Person In Persistent Vegetative State Not Experimental Object: Dipak Misra

Referring to the Supreme Court's landmark verdict on passive euthanasia, retired Justice Misra said if a person cannot die with dignity, it was akin to affecting his or her identity.

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Person In Persistent Vegetative State Not Experimental Object: Dipak Misra

Dipak Misra said he wanted to make people aware about the concept of passive euthanasia. (FILE)


New Delhi: 

Former Chief Justice of India (CJI) Dipak Misra today said a terminally-ill patient or a person in persistent vegetative state should not be made an "experimental object" and one must respect his dignity.

Referring to the Supreme Court's landmark verdict on passive euthanasia which recognised that a terminally-ill patient or a person in persistent vegetative state can execute an "advance medical directive" or a "living will" to refuse medical treatment, retired Justice Misra said if a person cannot die with dignity, it was akin to affecting his or her identity.

"Let us not make him (patient in persistent vegetative state) an experimental object. Let us respect his dignity and let us respect him humanity. I have always told that humanity is dignity and if I cannot die with dignity, you are affecting my identity," he said while addressing the gathering at the Agenda Aaj Tak function in New Delhi.

On March 9, a five-judge constitution bench headed by then CJI Misra had recognised that a terminally-ill patient or a person in persistent vegetative state can execute an "advance medical directive" or a "living will" to refuse medical treatment, saying the right to live with dignity also includes "smoothening" the process of dying.

The top court had observed that failure to legally recognise advance medical directives may amount to "non-facilitation" of the right to smoothen the dying process and the dignity in that process was also a part of the right to life under Article 21 of the Constitution.

The former CJI said he wanted to make people aware about the concept of passive euthanasia.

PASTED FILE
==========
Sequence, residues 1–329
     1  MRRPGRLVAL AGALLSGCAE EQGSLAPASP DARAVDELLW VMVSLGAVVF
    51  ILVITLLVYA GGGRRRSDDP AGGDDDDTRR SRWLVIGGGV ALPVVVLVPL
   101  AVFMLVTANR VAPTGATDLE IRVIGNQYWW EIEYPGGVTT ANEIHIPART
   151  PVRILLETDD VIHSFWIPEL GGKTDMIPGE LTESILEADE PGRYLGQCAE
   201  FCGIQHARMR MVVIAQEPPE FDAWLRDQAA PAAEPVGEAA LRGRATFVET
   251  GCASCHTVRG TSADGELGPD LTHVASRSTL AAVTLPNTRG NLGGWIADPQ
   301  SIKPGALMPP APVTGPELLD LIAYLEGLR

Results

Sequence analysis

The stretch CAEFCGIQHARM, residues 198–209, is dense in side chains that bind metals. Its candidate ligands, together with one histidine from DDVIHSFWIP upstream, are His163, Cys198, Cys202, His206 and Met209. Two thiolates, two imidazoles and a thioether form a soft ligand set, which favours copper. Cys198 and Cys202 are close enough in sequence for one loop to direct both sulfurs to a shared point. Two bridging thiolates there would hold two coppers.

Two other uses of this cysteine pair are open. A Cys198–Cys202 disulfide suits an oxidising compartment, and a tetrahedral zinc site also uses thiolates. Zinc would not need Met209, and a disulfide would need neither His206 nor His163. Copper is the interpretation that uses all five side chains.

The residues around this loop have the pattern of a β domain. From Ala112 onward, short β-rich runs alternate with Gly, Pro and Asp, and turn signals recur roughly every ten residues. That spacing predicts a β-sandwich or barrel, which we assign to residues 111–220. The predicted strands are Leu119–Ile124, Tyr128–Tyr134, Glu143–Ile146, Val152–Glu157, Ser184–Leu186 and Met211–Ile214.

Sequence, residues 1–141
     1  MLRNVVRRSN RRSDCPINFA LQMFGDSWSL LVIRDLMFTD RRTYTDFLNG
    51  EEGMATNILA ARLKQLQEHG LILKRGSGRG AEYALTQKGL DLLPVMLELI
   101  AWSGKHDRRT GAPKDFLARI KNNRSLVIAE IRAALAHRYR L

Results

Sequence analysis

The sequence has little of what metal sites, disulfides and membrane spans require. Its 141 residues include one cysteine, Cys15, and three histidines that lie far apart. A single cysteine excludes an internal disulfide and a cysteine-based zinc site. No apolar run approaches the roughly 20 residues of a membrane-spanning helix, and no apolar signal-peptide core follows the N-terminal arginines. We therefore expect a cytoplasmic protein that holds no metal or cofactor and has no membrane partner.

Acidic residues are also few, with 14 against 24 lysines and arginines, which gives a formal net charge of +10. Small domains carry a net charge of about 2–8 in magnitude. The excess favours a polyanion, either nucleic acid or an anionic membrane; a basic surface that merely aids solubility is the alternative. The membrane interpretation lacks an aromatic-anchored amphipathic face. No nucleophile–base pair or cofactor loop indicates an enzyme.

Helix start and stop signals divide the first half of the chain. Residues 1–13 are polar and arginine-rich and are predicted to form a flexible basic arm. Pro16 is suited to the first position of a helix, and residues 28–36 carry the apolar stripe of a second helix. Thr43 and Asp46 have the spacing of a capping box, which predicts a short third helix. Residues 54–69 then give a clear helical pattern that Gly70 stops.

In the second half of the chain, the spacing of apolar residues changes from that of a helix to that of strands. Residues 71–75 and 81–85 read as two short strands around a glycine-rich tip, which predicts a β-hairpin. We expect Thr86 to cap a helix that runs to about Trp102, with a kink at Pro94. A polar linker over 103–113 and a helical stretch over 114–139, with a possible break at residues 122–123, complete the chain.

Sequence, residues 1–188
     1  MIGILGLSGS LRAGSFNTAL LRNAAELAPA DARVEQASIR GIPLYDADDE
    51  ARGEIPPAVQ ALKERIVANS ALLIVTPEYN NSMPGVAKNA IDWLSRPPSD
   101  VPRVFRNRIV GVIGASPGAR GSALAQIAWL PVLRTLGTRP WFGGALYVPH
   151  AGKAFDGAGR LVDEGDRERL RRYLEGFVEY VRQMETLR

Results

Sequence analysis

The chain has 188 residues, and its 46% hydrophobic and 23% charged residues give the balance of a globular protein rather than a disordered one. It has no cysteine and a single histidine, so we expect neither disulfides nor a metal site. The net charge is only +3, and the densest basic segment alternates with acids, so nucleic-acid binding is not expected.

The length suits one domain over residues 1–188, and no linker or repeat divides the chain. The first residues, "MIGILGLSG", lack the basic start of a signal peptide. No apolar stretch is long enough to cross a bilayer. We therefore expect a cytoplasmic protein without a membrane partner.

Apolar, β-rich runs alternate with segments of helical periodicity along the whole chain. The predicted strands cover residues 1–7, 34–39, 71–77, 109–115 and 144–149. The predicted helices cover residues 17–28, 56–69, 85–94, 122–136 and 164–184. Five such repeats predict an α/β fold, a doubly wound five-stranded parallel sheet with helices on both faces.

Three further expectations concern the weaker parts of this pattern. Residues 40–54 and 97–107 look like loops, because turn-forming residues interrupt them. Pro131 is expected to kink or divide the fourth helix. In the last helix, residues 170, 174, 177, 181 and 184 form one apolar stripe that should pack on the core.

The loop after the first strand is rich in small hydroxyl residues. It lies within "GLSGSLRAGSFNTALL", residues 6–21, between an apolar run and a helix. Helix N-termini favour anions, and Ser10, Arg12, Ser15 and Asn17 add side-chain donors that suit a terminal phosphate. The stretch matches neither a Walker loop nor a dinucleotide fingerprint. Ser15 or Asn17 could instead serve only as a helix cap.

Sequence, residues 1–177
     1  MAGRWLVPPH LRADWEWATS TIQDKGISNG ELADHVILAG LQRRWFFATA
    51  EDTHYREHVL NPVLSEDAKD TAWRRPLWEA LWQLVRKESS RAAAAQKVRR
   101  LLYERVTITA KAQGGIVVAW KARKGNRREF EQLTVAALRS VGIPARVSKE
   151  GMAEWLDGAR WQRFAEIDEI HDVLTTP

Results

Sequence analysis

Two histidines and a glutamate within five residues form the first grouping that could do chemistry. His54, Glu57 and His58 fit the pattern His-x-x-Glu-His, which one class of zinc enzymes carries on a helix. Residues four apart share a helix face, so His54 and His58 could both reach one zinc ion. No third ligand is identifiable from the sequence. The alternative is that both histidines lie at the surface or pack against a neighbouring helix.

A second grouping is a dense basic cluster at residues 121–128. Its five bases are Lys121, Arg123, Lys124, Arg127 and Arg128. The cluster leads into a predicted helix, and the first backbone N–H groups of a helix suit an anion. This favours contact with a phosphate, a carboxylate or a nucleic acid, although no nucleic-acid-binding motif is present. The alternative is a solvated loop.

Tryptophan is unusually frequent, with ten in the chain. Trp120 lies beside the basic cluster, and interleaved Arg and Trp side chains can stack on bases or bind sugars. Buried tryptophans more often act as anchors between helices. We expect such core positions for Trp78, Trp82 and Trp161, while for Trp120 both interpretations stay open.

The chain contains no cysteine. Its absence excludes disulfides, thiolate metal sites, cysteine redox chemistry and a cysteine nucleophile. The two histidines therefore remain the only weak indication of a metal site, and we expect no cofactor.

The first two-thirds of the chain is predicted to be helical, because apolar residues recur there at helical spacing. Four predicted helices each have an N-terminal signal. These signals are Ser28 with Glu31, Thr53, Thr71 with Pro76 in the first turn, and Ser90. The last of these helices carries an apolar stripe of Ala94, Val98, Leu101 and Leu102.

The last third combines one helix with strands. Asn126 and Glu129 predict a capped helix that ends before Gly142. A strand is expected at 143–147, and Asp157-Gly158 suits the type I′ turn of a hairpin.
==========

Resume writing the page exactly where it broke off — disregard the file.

"My purpose is to make people aware. The law has empowered you and once the law has empowered you, you are empowered," he said.

He said it was very difficult for the immediate relatives to take a decision that such a patient will not be given any kind of medical treatment.

How can relatives say that medical aid should be stopped, "when the doctor says we will put the patient on ventilator and there is 50-50?", he said.

Retired Justice Misra said he knew how people were suffering and how families were ruined in such cases because they do not know what to do.

"If they do not spend money on treatment, the society will question," he said, adding that "this social conflict should be over".

In its judgement, the constitution bench had laid down principles relating to the procedure for execution of advance directive or 'living will' and also spelled out guidelines and safeguards to give effect to passive euthanasia in both circumstances -- where there are advance directives and where there are none.

In his verdict, the then CJI had noted that in case of a terminally-ill patient or a person in persistent vegetative state where there was no hope of recovery, "accelerating the process of death for reducing the period of suffering constitutes a right to live with dignity".

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